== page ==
The scientific committee for the commission also reported that more data are needed on Antarctic minke whales, and a gray whale population off the coast of Russia where oil and gas activities are currently taking place. In addition, the IWC hailed a new survey program, which has begun its second ocean foray.

Critics say polarization within the
 commission adds to difficulties
in decision-making
A report this month from the Environmental Investigation Agency and the Whale and Dolphin Conservation Society asserts that an Icelandic company is engaging in illegal trade of whale products, in clear violation of international law and IWC rules.

"The whaling commission would be well advised to devote themselves to the problem of the annual killing of hundreds of whales and the increasing trade in whale products," WDCS head Entrup said.

That Iceland appears to not be heeding the ban on commercial whaling points to a deeper problem within the commission: its lack of enforcement power.

Crisis of legitimacy?

Despina Simons from the European Bureau for Conservation and Development said that polarization within the IWC is making it increasingly difficult for the commission to reach decisions.

"The whole thing has become so polarized, the pro-whaling and anti-whaling countries trying to bring in new countries, new votes," Simons told Deutsche Welle.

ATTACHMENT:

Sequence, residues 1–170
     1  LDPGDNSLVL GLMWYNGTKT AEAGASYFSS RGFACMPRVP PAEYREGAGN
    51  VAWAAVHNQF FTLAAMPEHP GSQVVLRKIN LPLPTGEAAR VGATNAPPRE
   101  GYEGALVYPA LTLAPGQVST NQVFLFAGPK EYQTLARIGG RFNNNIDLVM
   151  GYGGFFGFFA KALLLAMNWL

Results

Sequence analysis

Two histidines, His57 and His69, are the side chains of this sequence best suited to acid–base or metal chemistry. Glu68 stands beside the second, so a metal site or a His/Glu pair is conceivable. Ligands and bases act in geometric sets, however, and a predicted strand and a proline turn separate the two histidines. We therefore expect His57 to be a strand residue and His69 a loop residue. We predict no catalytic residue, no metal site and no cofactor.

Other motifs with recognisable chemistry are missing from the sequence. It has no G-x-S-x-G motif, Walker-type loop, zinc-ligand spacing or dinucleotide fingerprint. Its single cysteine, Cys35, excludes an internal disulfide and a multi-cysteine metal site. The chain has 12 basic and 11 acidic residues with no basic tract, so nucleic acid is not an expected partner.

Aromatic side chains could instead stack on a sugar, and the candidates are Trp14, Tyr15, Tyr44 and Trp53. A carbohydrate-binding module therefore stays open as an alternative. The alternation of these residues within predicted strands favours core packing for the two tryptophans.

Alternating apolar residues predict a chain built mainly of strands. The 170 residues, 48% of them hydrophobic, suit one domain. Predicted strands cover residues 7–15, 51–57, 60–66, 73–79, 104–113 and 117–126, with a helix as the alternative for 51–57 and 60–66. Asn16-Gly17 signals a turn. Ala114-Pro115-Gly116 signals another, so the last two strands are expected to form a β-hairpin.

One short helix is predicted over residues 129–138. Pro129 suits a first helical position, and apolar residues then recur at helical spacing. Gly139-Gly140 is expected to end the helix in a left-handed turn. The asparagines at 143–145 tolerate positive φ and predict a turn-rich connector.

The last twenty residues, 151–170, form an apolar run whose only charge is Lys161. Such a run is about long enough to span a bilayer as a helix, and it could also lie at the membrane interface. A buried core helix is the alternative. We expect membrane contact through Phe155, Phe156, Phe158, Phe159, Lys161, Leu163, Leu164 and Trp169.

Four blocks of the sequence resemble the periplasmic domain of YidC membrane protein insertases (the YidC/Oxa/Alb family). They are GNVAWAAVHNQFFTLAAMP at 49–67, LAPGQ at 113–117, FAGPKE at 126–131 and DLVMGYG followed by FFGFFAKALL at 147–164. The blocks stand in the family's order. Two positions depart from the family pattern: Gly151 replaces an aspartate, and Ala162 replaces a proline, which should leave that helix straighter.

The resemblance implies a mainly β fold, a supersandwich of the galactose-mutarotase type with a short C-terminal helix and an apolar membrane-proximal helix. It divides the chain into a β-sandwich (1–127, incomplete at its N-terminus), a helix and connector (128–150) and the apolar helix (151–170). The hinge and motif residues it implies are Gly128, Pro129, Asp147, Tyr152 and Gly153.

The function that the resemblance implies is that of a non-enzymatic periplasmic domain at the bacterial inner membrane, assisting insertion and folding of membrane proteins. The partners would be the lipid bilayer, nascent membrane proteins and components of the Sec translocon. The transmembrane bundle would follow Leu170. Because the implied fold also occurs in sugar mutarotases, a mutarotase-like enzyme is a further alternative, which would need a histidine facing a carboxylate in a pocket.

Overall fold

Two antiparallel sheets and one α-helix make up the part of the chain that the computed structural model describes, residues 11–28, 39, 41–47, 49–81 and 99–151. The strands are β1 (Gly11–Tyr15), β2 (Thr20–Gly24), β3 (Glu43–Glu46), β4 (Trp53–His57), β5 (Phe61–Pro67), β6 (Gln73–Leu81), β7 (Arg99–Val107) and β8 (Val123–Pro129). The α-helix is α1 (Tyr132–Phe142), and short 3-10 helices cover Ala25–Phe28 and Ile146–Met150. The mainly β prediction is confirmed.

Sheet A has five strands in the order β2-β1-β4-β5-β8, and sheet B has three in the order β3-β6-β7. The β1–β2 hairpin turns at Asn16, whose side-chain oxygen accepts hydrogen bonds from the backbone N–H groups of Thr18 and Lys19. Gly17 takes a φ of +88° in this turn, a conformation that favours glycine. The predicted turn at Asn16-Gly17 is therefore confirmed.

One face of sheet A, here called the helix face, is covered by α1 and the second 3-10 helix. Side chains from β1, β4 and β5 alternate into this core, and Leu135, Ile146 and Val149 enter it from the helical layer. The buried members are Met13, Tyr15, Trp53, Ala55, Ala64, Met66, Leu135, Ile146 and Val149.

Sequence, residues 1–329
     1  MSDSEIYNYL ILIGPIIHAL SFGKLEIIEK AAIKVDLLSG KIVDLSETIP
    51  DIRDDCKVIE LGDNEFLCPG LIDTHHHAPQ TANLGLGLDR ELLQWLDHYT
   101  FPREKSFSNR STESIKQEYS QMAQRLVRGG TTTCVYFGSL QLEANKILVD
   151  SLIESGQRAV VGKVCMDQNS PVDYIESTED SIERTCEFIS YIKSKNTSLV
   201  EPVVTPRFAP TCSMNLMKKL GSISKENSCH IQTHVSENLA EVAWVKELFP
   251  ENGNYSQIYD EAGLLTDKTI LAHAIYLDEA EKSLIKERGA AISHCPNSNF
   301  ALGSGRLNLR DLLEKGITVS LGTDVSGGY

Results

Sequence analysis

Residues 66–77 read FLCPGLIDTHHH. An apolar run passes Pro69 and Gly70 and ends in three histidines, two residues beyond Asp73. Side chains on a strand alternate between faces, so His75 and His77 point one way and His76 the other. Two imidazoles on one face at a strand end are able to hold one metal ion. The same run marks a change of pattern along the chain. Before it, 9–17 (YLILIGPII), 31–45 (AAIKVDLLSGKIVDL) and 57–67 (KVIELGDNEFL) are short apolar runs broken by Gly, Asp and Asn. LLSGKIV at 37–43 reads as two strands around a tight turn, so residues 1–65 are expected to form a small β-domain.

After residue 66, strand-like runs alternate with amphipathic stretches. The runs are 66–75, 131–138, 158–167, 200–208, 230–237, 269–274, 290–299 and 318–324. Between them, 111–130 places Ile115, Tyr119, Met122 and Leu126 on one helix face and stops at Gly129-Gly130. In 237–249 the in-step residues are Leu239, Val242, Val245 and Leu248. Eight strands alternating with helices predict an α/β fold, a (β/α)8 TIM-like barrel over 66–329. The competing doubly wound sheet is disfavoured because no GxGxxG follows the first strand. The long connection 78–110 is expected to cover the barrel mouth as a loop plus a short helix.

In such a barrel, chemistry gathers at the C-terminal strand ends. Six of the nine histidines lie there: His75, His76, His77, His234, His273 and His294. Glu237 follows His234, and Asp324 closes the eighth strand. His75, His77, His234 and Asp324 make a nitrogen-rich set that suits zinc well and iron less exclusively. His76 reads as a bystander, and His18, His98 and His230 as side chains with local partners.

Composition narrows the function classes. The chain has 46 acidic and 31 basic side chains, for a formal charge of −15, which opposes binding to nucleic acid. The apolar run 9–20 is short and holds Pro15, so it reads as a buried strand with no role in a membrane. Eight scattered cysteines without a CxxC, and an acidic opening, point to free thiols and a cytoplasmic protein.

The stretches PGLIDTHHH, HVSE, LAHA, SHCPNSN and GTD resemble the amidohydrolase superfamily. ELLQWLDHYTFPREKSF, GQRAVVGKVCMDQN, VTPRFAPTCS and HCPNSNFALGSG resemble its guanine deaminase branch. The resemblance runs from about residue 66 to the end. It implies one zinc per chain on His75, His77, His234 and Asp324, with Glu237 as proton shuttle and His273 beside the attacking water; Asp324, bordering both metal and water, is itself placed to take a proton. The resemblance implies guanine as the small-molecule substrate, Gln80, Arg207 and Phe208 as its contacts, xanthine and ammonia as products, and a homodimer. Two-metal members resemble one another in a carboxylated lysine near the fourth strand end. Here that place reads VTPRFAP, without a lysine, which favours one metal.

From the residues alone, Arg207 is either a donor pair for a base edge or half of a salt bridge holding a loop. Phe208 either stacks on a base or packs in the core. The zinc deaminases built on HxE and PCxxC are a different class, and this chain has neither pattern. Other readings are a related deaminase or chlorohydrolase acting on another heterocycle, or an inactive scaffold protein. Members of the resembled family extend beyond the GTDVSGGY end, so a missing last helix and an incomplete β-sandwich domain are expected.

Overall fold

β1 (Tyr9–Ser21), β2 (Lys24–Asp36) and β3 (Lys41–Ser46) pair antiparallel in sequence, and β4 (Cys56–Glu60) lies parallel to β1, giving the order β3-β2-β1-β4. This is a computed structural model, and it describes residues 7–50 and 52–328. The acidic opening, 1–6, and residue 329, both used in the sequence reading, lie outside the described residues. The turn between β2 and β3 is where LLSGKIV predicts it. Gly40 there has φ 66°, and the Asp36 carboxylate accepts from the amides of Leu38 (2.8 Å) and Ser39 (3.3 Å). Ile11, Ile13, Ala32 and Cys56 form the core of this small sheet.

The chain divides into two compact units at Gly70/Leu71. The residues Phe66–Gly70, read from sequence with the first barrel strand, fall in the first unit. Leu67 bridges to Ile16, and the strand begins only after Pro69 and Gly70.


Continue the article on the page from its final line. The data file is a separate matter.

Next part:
Areas of trust that have broken down add to friction, which distracts the commission from looking at conservation, Butler-Stroud said.

The polarization fuels a perception that the IWC is becoming dysfunctional – which affects its credibility as well, Ishii indicates.

"I think the countries still have some possibility to slow down the credibility deficit, by for example agreeing on a Southern Atlantic Sanctuary," Ishii stated.

In the end, Entrup thinks the commission must be given enforcement powers, which would make its decisions truly binding.

"The IWC needs to be given teeth – protection on paper isn't good enough."

Author: Sonya Angelica Diehn / Robin Powell
The whaling body finds itself entangled in
conflict - some would say hopelessly so

Friday, July 8, 2011

Dolphins 'carried body of drowned victim to shore' in July Fourth tragedy

Daily Mail, 6th July 2011

July Fourth weekend ended in tragedy for one family when a man drowned after being caught in an undertow.

The body of 47-year-old Luis Arturo Polanco Morales, of Denham Springs, was found by authorities about ten to 15 feet from the shore line.

At first they believed the tide had washed Mr Morales up but witnesses to the sad event at Grand Isle, Louisiana, reported the body had been carried to shore by dolphins.

Did they help? Witnesses at Grand Isle, Louisiana, reported the
drowned body of Luis Arturo Polanco Morales had been carried
to shore by dolphins

Tragic: Mr Morales, a young girl and another man had been fishing
 on rocks in Grand Isle when the girl fell in, left, while right, dolphins
are often spotted off the shoreline at the beach

Washed up: Grand Isle Fire Chief, Aubrey Chaisson, gestures to
 where Mr Morales' body was found drifting about ten to 15 feet
out to sea

Could be: For Cesar Zuniga, a
 holidaymaker from McAllen, Texas,
 reports of dolphins bringing the
 body to shore is credible. 'They're
 keeping an eye on us,' he said
'I guess it could be possible,' Cesar Zuniga a holidaymaker from McAllen, Texas, told ABC26 News.

'They're mammals. I think they're intelligent enough to do stuff like that.'